Lime Saddle Commune


Communities Magazine




                                 First issue of Communities Magazine 50 years ago.                                                Ninth issue with my daughter's hand-print picture on the cover.


Lime Saddle Commune was organized by my first wife and I and two brothers, Vince and George Zager, late in 1971. There were originally 12 of us, 8 adults and 4 children on 20 acres of marginal land in Butte County northern California. Vince had inherited the Modern Utopian magazine from its editor who quit and so our first organizing project outside of becoming as self-sufficient food-wise as we could, growing our own food organically, even selling surplus in town to neighbors, was to create Communities Magazine as a central clearinghouse of communal information. This we did and miraculously, Communities Magazine is still being published today, 40 years later as of this date in 2012. Lime Saddle Commune went the way of almost all '60's and '70's communes as the 2nd great communitarian movement in America failed for much the same reasons as did the first wave. You can't create a society in miniature with different lifestyles and politics without having people extremely committed to the cooperative lifestyle, something Americans were never taught at home or in school. Religious commitment can do it so the religiously based communitarians have survived but not "normal" Americans who will run into ego clashes in short order trying to cooperatively manage their lives. And this is what happened at Lime Saddle. Ego conflicts more than anything else cause our commune's demise. My wife and I had left Lime Saddle about 2 years before it finally fell apart.

It was a "learning experience". I found out I personally cannot hack communal living, do not want to ever again have a group making major decisions in my life for me if I am not disabled and infirm. So I changed my co-operative community emphasis, communitarian, not communal. At least not for me, unless it's family. That's another thing one finds out in the American communitarian movement outside of the religious communities. Family, biological family, survives while communal families do not. At least not in America. The Israeli kibbutz movement found the same thing to be true to their communal kibbutzim. Biological families survive. Non-biological communal families do not as a rule. My communitarian visions are for co-operative living but not at the communal household level but at the individual and family level. Co-housing for example vs. communes. Still, those who can live communally and desire to do so have my blessing. It's all part of the communitarian movement.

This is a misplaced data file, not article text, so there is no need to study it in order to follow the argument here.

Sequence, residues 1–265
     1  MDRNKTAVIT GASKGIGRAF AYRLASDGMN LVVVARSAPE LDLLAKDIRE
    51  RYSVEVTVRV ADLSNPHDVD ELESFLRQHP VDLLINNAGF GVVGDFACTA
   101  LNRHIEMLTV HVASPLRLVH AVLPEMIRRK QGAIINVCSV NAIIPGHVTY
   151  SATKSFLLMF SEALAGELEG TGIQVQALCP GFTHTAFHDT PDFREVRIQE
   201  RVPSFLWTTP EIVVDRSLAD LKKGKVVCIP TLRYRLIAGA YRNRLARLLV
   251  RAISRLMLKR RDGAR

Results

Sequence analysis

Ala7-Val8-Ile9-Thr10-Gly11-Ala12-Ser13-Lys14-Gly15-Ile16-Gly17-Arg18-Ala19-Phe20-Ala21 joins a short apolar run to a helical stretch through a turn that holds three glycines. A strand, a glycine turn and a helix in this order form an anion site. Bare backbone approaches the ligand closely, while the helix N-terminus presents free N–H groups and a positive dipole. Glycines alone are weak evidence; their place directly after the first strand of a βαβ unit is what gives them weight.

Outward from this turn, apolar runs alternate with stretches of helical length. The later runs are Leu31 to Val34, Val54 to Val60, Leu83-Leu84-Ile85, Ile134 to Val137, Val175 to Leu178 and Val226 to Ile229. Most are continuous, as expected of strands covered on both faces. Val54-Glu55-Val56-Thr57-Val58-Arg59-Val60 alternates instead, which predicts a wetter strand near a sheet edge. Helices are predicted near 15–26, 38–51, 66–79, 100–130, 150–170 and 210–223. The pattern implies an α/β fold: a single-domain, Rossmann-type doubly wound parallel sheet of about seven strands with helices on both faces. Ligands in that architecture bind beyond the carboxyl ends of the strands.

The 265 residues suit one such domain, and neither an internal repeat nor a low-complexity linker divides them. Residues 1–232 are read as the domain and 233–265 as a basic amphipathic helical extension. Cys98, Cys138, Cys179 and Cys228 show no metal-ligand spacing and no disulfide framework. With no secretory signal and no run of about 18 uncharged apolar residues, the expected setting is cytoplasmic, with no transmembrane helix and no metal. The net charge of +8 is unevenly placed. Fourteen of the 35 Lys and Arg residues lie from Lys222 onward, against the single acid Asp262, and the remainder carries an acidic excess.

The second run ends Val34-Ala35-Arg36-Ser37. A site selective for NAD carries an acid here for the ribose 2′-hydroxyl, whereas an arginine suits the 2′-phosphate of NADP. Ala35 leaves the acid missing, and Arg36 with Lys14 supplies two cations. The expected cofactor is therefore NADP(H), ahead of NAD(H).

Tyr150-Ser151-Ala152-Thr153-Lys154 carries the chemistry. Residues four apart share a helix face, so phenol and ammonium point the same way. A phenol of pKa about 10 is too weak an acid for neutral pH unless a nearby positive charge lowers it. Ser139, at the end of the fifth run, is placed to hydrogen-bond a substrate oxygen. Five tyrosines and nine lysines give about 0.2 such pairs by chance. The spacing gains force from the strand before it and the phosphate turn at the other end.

I visited the former Lime Saddle Commune property in 2011 to see what it looked like after 40 years and to especially see how my over-built cabin had held up. As the son of a carpenter I was the only one on the commune who had any carpentry experience and I over-built the small cabin, everything made thicker than needed. I expected to see it still standing but it wasn't. It was totally gone as were all the cabins we communal members had built around our central farmhouse. It turned out that one of the intervening owners of the Lime Saddle property was a junkyard junkie who had filled all the cabins up with stuff he collected over 17 years I was told and he let it all go to rot which rotted out the cabins, even mine. Actually, it was a surprising visit in another way which was the lack of development I expected to see around that area in the 40 year lapse between our times there and now. Our land looked less, not more developed than when we were there. And no real development happening in the surrounding area either. One school built and gone to seed and abandoned down the road was about it. Strange for California.

The South Fork of Salmon Creek in Humboldt County was my next organizing venture. Organized as a compromise between communal and homestead living it too failed as a land trust organization although as private property ownership continues on today.